A centralized purchasing strategy is not ideal for all businesses.
It is designed for companies that have multiple locations and are looking to increase the maturity of their procurement processes.
In fact, it’s the exact strategy our clients have used to go from chaos to a well-run purchasing process that scales across multiple locations.
If you want to reduce the time spent on processing purchase orders, save 8-10% on your vendor cost, then THIS is the centralized purchasing strategy to do it.
Grab our centralized purchasing policy template below to see the exact steps from the strategy.
Centralized purchasing is a procurement model where the purchasing decisions and execution is centralized to a single team instead of each location making its own decision.
On the contrary, in a decentralized model, the purchasing decisions are not made by a central team. But the individual departments/locations make their own purchasing decisions.
The most common scenario for a decentralized purchasing process is the case where you have multiple physical locations and each one is making its own purchasing decision.
However, it is not uncommon to see a decentralized purchasing process even within a single location. In this case, each department within the organization might be making its own purchasing decisions.
In a centralized purchasing model, a central team is responsible for making purchasing decisions. Here are some of the activities that get centralized.
In a centralized purchasing environment, the supplier selection process is centralized. A single team is responsible to look at all the purchasing needs.
For example, let’s assume that each location is purchasing office supplies from its own preferred vendor.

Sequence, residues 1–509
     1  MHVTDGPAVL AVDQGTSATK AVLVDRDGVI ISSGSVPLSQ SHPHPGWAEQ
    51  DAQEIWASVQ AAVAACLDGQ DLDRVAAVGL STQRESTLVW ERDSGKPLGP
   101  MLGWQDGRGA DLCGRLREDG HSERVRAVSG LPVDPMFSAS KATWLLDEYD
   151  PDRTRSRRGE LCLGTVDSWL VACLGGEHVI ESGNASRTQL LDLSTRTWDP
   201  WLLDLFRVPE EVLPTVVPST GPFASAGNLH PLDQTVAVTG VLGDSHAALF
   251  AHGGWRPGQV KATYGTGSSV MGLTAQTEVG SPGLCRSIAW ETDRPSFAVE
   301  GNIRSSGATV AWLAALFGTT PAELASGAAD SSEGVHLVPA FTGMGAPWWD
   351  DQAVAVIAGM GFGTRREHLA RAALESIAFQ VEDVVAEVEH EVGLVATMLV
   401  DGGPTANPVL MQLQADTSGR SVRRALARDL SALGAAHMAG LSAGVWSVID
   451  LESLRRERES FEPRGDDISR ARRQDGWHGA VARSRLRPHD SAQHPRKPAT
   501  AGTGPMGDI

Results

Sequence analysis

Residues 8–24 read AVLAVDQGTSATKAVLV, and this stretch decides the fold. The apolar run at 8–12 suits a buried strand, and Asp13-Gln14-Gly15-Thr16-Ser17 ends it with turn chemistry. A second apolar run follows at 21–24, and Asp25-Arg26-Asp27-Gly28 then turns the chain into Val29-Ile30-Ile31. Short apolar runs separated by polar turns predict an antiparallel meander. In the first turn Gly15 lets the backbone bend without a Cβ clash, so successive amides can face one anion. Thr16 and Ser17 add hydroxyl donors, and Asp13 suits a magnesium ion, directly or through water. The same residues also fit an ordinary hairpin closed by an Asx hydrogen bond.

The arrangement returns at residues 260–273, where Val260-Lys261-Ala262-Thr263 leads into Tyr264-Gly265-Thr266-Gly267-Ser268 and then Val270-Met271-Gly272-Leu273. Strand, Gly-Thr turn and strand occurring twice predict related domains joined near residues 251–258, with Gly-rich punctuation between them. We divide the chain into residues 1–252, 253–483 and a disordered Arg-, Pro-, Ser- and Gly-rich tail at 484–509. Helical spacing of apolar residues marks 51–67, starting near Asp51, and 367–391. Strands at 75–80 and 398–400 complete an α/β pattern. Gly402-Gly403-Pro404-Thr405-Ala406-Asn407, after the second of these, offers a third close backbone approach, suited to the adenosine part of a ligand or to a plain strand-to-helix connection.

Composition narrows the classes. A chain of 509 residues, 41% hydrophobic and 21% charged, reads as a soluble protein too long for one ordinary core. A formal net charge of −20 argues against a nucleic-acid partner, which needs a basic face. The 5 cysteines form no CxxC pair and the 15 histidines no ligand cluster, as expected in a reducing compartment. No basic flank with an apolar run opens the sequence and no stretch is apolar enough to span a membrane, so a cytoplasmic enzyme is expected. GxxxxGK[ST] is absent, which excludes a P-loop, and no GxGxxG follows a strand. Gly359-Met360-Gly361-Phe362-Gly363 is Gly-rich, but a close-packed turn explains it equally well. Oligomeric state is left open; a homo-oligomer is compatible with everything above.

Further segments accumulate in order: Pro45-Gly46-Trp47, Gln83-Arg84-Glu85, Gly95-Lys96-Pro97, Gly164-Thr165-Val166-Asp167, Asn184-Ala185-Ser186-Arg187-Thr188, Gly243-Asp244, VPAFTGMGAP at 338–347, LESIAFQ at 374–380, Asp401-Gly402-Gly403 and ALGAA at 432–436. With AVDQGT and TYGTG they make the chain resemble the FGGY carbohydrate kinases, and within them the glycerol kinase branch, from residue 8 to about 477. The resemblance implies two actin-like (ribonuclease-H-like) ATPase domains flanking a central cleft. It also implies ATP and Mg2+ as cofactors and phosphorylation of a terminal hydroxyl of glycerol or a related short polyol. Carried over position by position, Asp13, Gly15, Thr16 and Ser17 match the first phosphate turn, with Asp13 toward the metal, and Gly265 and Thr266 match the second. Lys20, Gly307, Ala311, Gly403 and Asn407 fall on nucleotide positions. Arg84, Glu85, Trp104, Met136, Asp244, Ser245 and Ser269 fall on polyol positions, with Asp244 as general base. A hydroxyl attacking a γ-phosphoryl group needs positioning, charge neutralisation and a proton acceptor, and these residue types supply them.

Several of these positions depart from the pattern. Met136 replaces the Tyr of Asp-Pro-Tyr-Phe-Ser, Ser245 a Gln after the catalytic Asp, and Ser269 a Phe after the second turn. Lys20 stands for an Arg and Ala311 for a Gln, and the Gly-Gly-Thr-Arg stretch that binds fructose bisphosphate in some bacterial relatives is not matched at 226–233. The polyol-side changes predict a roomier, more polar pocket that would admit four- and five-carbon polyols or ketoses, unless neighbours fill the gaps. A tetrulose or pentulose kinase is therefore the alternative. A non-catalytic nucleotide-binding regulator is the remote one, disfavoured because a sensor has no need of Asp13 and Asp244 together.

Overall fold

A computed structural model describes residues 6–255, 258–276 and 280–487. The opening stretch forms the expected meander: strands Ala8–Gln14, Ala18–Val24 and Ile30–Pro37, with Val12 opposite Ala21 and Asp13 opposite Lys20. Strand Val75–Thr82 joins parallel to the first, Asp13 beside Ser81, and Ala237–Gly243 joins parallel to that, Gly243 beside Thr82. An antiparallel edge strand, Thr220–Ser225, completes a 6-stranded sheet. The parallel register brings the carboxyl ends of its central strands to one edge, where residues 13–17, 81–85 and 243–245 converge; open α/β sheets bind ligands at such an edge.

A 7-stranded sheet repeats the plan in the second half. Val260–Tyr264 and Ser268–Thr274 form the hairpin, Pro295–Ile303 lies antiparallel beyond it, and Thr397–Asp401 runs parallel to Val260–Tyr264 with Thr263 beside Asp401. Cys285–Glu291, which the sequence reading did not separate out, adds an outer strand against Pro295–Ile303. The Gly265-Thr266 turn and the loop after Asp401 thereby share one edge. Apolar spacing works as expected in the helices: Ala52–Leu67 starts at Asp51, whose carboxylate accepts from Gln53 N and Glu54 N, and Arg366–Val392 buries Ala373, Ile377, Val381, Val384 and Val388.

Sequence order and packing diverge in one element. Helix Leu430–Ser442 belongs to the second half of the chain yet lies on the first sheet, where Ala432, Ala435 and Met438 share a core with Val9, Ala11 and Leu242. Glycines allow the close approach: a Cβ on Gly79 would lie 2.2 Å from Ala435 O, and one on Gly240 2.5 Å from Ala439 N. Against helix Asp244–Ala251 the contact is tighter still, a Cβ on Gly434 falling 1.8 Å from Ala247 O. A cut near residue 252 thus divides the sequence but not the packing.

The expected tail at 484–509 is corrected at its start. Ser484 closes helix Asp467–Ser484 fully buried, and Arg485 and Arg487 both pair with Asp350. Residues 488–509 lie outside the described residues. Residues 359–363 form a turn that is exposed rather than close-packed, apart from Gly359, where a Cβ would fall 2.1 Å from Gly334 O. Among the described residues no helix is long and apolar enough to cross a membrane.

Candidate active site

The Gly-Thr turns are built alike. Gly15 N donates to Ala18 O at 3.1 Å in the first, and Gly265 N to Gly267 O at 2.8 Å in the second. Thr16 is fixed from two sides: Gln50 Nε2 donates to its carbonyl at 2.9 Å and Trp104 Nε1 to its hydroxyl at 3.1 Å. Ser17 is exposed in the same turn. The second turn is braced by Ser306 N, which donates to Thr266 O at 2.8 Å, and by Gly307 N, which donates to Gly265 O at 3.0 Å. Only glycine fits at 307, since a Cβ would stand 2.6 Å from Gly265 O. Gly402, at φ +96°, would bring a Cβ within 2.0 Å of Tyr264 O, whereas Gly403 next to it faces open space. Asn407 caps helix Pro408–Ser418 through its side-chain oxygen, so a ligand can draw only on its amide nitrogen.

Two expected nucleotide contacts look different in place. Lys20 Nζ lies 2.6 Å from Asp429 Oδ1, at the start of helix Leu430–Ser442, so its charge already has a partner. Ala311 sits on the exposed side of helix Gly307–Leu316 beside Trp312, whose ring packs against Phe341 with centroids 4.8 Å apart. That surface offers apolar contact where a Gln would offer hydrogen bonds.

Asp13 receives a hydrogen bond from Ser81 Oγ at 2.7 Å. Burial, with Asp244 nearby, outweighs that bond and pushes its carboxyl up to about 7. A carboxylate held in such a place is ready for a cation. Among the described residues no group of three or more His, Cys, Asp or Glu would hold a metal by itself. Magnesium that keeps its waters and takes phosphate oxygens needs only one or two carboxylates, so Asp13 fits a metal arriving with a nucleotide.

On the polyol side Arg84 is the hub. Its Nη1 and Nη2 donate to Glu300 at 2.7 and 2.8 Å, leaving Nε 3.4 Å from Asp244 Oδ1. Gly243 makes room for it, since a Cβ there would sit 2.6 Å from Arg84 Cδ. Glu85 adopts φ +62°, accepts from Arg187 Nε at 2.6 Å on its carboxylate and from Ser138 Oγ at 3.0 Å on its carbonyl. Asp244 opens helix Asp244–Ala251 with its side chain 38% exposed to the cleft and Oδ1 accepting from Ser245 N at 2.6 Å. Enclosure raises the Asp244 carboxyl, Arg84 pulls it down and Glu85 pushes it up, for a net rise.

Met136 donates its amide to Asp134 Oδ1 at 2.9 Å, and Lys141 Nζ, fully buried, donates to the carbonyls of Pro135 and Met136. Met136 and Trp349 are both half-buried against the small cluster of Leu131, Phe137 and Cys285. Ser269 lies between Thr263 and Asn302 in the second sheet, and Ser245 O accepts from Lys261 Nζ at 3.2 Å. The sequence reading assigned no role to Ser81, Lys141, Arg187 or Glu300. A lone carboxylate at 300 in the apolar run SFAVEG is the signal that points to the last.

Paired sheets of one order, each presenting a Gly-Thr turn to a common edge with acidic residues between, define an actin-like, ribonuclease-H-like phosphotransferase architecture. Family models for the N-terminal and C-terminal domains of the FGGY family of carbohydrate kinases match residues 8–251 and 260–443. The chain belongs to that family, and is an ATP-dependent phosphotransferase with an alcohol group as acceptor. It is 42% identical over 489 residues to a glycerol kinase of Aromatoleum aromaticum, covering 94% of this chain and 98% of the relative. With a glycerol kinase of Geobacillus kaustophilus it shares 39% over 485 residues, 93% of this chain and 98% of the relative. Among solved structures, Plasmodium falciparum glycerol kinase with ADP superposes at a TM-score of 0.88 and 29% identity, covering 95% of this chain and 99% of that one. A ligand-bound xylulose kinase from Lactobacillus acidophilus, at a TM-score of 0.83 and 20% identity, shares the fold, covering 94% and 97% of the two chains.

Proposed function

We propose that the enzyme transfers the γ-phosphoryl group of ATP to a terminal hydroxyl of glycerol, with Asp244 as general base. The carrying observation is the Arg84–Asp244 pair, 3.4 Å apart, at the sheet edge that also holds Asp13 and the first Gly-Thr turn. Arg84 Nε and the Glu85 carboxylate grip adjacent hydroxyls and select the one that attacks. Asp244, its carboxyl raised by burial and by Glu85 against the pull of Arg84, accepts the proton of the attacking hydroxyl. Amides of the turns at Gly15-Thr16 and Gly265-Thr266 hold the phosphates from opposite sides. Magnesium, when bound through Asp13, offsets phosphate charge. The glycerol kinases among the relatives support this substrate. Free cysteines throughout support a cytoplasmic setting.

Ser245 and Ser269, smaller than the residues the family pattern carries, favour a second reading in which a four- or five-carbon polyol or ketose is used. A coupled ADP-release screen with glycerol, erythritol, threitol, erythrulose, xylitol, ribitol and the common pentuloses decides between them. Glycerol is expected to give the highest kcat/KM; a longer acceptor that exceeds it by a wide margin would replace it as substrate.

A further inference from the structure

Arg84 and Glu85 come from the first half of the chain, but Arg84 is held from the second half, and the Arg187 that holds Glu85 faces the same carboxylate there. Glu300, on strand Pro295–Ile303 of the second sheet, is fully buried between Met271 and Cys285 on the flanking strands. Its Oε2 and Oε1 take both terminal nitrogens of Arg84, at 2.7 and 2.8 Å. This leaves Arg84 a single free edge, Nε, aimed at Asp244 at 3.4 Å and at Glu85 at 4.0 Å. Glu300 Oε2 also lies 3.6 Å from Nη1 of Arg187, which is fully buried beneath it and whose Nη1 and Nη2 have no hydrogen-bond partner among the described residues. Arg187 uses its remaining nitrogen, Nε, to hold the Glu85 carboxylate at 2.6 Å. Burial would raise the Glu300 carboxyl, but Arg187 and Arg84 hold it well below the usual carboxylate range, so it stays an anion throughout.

With a centralized purchasing process, you can consolidate these purchases to a single supplier and get better pricing and better terms.
When you have a centralized environment, the products get standardized. That not only simplifies the purchasing, but it does also lead to better pricing due to volume discounts.
Let us explain with an example.
Let’s say each location is purchasing different types of copier papers. The paper is exactly the same except for how thick it is.
One costs $32/pack and the other costs $35/pack.
If the thin paper works for one location, most likely it would work for the other location too.
So by standardizing the items, you not only saved $3/pack but you also could get better pricing on the original $32/pack pricing.
Compliance includes negotiations, contracts, etc.
For example, do you need to have 3 bids before you can select a new vendor?
In a decentralized environment, this process is difficult to enforce and monitor.
In a centralized environment, you can assign this responsibility to a central procurement department. This not only reduces the compliance cost but also helps control maverick spending.
The purchasing process gets standardized because there is one process for purchasing and communicating with vendors.
For example, you might implement a new purchasing system that standardizes how everyone creates purchase requests. That also standardizes how a PO is sent to the vendor.
As a result, the downstream invoicing process is also simplified.
The centralized process makes sense in the following scenarios
A centralized process doesn’t make sense if each location/business unit has its own very unique needs. Look for these red flags
If you are still not convinced what model is right for now, then here is a quick comparison of key points for centralized and non-centralized purchasing models.
|Centrally managed by a team or an individual who is responsible for all purchasing needs.||Each location or department is responsible for managing its own purchasing.|
|A standardized purchasing process across the entire company.||Different purchasing processes across the company.|
|Allow you to centralize the negotiation and get volume discounts.||You lose volume discounts because the purchasing is not consolidated.|
|Takes time to implement and get stakeholder buy-in.||No stakeholder buy-in is required as each department/location/business unit can have its own process.|
|Need centralized tools for purchasing to streamline the process.||The process could be manual without the need for a purchasing tool.|
|Allows you to standardize parts and increase supply chain resilience.||There could be multiple versions of the same item and you probably carry a lot of inventory.|
|The vendor selection process takes time as multiple stakeholders need to be consulted.||The vendor selection process is easier because the decision is made only by a limited set of people|